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Islander peddles safer streets

By Staff | Jan 14, 2015

Darla Latourneau at a November bike path dedication in Sanibel. Billy Kirkland joined in the event. PHOTO PROVIDED

By CRAIG GARRETT

“mailto:cgarrett@breezenewspapers.com”>cgarrett@breezenewspapers.com

Florida bicyclists and joggers safely enjoying a pathway or a bike lane on a local roadway, in some part, can thank Darla Letourneau.

It’s better today for bicyclists and pedestrians because Letourneau and others at first begged and later demanded change in roads and how new streets and transportation should look. They formed BikeWalkLee and networked, introducing Complete Streets to southwest Florida. It’s a national movement to re-tool communities with public transportation, bikers and pedestrians in mind.

BikeWalkLee’s actions, for instance, argued for and achieved the narrowing of vehicle lanes for adjoining bike routes, and a shift in transportation planning in southwest Florida. Lee County has added miles of bike/pedestrian paths, spiderwebbing over great distances. A bicyclist today can pedal from Sanibel to downtown Fort Myers, mostly away from traffic. The near goal is to knit the routes into a vast recreational and business friendly pathway. As a government affairs professional, Letourneau was directly involved in the changes.

Letourneau receiving an award from the Florida Bicycle Association. PHOTO PROVIDED

But was a tough haul, most everyone agrees, with Lee County planners, in some cases, reversing decisions to join the movement. The progress has lessened the devastation on roads to cyclists and pedestrians. But Florida remains on a watchlist as one of the more dangerous states to ride or walk with traffic, according to state figures.

Still, injuries and deaths are down, when just a few years back it was a free-for-all between cyclists and drivers, with long stretches of fast roads criss-crossing southwest Florida.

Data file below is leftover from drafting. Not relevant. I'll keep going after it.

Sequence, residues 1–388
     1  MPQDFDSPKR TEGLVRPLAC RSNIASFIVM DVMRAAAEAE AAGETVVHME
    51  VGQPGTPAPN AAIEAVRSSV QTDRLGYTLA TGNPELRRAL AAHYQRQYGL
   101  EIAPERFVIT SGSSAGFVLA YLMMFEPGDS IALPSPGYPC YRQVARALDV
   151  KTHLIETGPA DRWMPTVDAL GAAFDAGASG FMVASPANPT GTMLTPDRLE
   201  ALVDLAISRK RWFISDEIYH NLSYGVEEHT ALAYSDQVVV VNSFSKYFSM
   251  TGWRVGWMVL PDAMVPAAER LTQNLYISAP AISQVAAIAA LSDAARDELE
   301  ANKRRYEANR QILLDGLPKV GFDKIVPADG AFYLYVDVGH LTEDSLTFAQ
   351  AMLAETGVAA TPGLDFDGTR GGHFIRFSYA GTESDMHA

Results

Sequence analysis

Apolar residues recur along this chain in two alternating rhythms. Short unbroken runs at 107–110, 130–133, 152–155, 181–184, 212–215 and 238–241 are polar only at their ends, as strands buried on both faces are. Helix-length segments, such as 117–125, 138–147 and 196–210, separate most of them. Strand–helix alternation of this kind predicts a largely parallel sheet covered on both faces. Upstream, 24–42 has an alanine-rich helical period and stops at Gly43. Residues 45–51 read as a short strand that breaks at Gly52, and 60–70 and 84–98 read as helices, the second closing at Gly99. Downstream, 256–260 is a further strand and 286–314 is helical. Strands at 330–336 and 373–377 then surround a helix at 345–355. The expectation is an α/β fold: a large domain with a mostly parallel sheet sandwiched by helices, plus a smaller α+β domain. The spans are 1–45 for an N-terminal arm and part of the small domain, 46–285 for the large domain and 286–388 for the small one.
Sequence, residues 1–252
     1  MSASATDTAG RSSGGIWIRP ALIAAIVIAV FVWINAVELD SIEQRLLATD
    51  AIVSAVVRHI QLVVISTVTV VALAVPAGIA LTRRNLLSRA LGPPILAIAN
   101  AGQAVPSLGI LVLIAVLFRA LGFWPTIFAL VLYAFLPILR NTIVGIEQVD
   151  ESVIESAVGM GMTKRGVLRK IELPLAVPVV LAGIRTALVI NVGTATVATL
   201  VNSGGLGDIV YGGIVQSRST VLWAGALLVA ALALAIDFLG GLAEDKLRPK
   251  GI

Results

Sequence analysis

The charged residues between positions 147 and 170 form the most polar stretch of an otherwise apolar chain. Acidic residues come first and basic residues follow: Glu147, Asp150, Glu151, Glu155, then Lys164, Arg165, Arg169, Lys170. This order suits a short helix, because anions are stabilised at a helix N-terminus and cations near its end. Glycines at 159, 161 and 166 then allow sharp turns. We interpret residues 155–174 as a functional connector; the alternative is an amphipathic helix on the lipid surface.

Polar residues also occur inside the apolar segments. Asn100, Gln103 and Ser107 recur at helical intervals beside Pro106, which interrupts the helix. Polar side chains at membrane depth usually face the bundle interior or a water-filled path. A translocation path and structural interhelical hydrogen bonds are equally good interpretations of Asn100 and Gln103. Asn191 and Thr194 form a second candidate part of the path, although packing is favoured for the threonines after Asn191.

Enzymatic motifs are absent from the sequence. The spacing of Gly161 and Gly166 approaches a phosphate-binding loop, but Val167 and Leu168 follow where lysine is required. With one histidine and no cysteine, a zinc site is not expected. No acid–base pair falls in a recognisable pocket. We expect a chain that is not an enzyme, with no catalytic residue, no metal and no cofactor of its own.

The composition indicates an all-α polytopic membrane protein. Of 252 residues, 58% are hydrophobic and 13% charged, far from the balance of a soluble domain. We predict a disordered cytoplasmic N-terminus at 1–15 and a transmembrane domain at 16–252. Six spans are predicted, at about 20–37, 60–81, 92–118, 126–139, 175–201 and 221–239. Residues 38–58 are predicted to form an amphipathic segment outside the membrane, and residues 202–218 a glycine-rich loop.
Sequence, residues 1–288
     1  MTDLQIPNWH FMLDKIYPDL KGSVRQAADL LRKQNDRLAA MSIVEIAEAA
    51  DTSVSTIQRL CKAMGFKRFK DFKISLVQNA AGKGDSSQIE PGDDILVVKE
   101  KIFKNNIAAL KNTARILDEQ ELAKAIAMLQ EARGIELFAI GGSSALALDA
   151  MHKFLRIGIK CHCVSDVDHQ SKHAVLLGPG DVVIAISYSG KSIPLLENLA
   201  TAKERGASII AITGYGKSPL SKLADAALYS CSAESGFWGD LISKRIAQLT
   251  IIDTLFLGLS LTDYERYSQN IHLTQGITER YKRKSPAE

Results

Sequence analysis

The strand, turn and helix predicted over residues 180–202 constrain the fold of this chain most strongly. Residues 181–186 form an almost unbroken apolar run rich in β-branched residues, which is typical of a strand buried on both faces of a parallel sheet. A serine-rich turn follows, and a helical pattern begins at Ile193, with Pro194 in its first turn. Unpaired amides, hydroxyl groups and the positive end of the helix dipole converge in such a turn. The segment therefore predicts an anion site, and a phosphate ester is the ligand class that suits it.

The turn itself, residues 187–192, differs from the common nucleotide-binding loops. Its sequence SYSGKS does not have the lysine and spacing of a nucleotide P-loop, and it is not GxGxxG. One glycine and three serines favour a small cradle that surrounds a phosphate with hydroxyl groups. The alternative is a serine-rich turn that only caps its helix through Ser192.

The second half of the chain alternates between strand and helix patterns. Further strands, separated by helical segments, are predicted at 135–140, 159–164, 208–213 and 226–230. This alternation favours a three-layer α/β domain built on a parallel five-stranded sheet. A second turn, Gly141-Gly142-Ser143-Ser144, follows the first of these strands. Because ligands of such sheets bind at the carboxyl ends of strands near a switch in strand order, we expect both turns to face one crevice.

Complete Streets is grabbing traction. Some 700 towns and states embrace its principles. It counters, in part, the bowling-alley life for a bicyclist. Sixteen pedestrians and eight cyclists through November had been killed on Lee County roads.

Letourneau has helped lead the Complete Streets campaign, as co-founder of BikeWalkLee — an advocacy group with few funds, no officers or official members — to lobby change. BikeWalkLee and a powerful network of like-minded groups have shifted the thinking in regional road growth and planning, rewarded with miles of shared roadways or new pathways in southwest Florida. And as a bicyclist, she recently received an award as citizen bike advocate of the year from the Florida Bicycle Association. She picked up the award at a Lee County Metropolitan Planning Organization meeting.

Her advocacy, which some say borders of zealotry, has earned praise.

“Lee County is a better place for cyclists and pedestrians because of the work of Darla and the BikeWalkLee coalition,” Florida Bicycle Association executive director Becky Afonso said at the ceremony for the award.

Anyone in proximity isn’t surprised Darla Latourneau produces. Results are her life, which included time in Washington as a policy analyst and Senate liaison. Her job was defined as a problem solver, a strategist in two administrations. She worked long hard hours, producing mountains of precise information in civil rights, health, budgeting and other issues on Capitol Hill. The professional career was an extension, she said, of her father, a former university science instructor at Purdue, a creative man that “loved the idea of really enjoying his job, the process,” said Letourneau, an islander since 2008.

A father’s relish for life translated to his daughter, a self-described policywonk just organizing her Sanibel home office in California Closet. She was forced to file stacks of boxes on Complete Streets, traffic studies and the minutiae of local government linked to safe bicycling.

“My career was government related,” she said, “get the facts, make your case, and master a (new) topic.”

BikeWalkLee goals:

Advocate for a multi-modal network that includes active transportation on complete streets in Lee County.

Raise public awareness about the county’s active transportation system and opportunities for improvement.

Promote the benefits and joys of bicycling and walking, and inspire more people to choose alternative transportation.

Advocate for policies, funding, and programs that support active transportation and complete streets in Lee County.

Partner with a broad array of stakeholders to improve and support our quality of life through safety, health, and mobility on complete streets in Lee County.